G. V. Frost1, M. J. Macander1, U. S. Bhatt2, L. T. Berner3, J. W. Bjerke4, H. E. Epstein5, B. C. Forbes6, S. J. Goetz3, M. J. Lara7,8, G. K. Phoenix9, S. P. Serbin10, H. Tømmervik4, D. A. Walker11, and D. Yang10,12
1Alaska Biological Research, Inc., Fairbanks, AK, USA
2Geophysical Institute, University of Alaska Fairbanks, Fairbanks, AK, USA
3School of Informatics, Computing and Cyber Systems, Northern Arizona University, Flagstaff, AZ, USA
4Norwegian Institute for Nature Research, FRAM – High North Research Centre for Climate and the Environment, Tromsø, Norway
5Department of Environmental Sciences, University of Virginia, Charlottesville, VA, USA
6Arctic Centre, University of Lapland, Rovaniemi, Finland
7Department of Plant Biology, University of Illinois, Urbana, IL, USA
8Department of Geography, University of Illinois, Urbana, IL, USA
9School of Biosciences, University of Sheffield, Sheffield, UK
10Environmental and Climate Sciences Department, Brookhaven National Laboratory, Upton, NY, USA
11Institute of Arctic Biology, University of Alaska Fairbanks, Fairbanks, AK, USA
12Department of Ecology and Evolution, Stony Brook University, Stony Brook, NY, USA
- The circumpolar average peak tundra greenness value in 2022 declined from the record high values of the previous two years, but still represented the fourth highest value since 2000.
- Tundra greenness in 2022 was high in most of the North American Arctic, but unusually low in northeastern Siberia, consistent with persistent summer sea-ice in the adjacent Chukchi Sea.
- Wildfires, extreme weather events, and other disturbances have become more frequent, highlighting components of Arctic change that drive increased regional variability in tundra greenness.
Earth’s northernmost continental landmasses and island archipelagos are home to the Arctic tundra biome, a 5.1 million km2 region characterized by low-growing, treeless vegetation (CAVM Team 2003). The tundra biome forms a “ring” of cold-adapted vegetation atop the globe, bordered by the Arctic Ocean to the north and the boreal forest biome to the south. The biological, physical, and climatic conditions of Arctic tundra ecosystems are changing profoundly, as vegetation and underlying permafrost soils are strongly influenced by warming air temperatures and the rapid decline of sea ice on the nearby Arctic Ocean (Bhatt et al. 2021; see essays Surface Air Temperature and Sea Ice). In the late 1990s, a sharp increase in the productivity of tundra vegetation became evident in global satellite observations, a phenomenon that has come to be known as “the greening of the Arctic.” Arctic greening is dynamically linked with Earth’s changing climate, permafrost, seasonal snow, and sea-ice cover, and continues to be a subject of multi-disciplinary scientific research.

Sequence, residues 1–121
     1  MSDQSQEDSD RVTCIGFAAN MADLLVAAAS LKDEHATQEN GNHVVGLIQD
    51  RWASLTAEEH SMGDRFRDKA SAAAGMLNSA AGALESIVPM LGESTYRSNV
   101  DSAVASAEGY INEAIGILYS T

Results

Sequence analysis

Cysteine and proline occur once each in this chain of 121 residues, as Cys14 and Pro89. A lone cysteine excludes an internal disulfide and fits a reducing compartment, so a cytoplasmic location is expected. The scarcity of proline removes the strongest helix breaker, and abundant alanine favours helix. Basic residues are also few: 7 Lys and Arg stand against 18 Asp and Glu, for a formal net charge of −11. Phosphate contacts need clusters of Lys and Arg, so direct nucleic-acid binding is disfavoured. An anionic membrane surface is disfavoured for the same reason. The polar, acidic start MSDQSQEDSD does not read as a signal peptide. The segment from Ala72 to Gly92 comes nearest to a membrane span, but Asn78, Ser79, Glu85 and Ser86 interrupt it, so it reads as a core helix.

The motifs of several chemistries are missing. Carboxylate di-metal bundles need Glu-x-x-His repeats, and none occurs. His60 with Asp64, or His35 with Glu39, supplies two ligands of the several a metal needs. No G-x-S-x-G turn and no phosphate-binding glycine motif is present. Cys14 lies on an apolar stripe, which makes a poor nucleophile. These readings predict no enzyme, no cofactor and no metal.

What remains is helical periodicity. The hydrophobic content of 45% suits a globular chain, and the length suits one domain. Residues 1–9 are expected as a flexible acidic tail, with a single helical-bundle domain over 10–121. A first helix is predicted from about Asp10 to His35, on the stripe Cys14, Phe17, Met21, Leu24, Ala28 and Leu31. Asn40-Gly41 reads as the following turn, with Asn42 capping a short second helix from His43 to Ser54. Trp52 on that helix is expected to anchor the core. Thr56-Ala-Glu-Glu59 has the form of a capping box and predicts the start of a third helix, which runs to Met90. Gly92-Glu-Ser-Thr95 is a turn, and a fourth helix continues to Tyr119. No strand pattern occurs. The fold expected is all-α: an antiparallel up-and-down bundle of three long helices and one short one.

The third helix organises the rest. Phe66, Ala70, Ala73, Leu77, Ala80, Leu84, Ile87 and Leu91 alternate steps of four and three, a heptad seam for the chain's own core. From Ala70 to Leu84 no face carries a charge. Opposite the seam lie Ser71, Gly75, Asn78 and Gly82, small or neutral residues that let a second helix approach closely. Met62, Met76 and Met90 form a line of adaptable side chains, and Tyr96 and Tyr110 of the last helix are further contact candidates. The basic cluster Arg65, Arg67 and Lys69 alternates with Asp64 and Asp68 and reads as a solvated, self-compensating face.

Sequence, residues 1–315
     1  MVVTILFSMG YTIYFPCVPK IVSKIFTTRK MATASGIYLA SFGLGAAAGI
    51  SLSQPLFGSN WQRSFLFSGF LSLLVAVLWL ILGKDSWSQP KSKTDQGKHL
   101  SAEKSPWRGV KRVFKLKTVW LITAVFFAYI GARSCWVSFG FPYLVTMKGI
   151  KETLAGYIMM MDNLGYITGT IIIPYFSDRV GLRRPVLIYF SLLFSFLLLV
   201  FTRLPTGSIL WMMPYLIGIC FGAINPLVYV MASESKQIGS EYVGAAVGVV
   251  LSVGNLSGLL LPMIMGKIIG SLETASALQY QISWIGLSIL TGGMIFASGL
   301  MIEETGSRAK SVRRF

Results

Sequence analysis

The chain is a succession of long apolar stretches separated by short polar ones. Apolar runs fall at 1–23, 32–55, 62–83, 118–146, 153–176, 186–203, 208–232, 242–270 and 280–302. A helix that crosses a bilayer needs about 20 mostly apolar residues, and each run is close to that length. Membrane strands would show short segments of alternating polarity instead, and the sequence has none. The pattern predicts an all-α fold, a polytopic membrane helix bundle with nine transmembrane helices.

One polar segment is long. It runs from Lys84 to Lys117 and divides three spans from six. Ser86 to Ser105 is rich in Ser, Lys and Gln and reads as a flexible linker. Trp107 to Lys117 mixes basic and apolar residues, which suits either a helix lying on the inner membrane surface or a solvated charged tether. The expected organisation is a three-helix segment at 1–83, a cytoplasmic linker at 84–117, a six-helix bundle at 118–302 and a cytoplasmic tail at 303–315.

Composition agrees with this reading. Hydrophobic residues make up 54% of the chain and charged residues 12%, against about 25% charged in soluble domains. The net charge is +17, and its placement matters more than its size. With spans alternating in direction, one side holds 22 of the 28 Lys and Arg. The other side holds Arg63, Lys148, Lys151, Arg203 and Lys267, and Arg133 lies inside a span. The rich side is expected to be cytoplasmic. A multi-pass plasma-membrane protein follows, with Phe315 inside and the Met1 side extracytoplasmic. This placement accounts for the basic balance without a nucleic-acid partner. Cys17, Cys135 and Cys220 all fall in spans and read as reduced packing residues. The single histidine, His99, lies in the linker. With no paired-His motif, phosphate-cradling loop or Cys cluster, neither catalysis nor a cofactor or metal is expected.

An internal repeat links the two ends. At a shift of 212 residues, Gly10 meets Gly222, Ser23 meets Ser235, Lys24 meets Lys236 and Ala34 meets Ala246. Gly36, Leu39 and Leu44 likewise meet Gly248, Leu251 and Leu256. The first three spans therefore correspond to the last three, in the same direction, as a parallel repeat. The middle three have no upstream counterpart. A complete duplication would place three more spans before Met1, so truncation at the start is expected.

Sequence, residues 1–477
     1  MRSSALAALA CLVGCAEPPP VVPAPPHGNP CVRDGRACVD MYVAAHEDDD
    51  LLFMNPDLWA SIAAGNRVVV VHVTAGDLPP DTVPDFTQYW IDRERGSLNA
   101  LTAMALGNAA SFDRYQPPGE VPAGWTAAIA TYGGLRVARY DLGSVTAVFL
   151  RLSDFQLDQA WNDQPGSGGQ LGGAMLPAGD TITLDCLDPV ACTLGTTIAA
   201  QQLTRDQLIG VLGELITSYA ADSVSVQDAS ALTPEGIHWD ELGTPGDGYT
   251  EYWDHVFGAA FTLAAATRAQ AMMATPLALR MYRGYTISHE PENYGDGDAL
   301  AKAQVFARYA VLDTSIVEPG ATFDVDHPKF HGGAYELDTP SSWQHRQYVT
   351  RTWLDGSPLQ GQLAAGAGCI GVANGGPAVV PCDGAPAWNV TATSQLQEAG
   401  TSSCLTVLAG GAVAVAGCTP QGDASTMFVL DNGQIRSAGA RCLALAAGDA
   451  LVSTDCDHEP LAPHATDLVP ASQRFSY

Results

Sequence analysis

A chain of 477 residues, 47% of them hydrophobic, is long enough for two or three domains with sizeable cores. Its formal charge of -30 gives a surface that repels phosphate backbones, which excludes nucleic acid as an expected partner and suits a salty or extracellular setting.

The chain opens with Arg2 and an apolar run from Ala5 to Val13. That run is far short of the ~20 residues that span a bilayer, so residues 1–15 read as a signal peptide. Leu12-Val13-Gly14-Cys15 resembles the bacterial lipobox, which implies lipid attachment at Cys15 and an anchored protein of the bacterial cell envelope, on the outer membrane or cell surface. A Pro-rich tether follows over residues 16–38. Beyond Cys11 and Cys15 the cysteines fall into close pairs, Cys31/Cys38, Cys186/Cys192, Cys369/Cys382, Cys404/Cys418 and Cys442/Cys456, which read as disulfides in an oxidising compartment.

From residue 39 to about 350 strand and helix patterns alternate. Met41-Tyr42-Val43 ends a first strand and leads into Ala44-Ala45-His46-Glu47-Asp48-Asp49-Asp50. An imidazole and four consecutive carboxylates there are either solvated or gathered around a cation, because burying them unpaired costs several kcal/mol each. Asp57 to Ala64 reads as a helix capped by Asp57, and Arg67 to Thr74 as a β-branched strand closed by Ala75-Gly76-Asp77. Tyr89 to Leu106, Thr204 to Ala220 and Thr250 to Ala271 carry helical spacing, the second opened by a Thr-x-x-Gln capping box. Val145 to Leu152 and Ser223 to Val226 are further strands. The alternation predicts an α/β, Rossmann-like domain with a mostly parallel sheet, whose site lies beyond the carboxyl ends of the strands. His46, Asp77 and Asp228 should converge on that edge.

Satellite observations of tundra greenness
In 2022, the era of spaceborne global vegetation monitoring entered its fifth decade. Global vegetation has been consistently monitored from space since 1982 by the Advanced Very High Resolution Radiometer (AVHRR) onboard NOAA satellites. In 2000, the Moderate Resolution Imaging Spectroradiometer (MODIS) entered the constellation of Earth-observing satellites and provides a more recent record with higher spatial resolution and improved calibration. Both sensors monitor vegetation greenness using the Normalized Difference Vegetation Index (NDVI), a spectral metric that exploits the unique way in which green vegetation absorbs and reflects light in the visible and infrared wavelengths. The AVHRR and MODIS records both indicate that the yearly maximum tundra greenness (MaxNDVI) has increased across most of the circumpolar Arctic during 1982-2021 and 2000-22, respectively (Figs. 1a,b).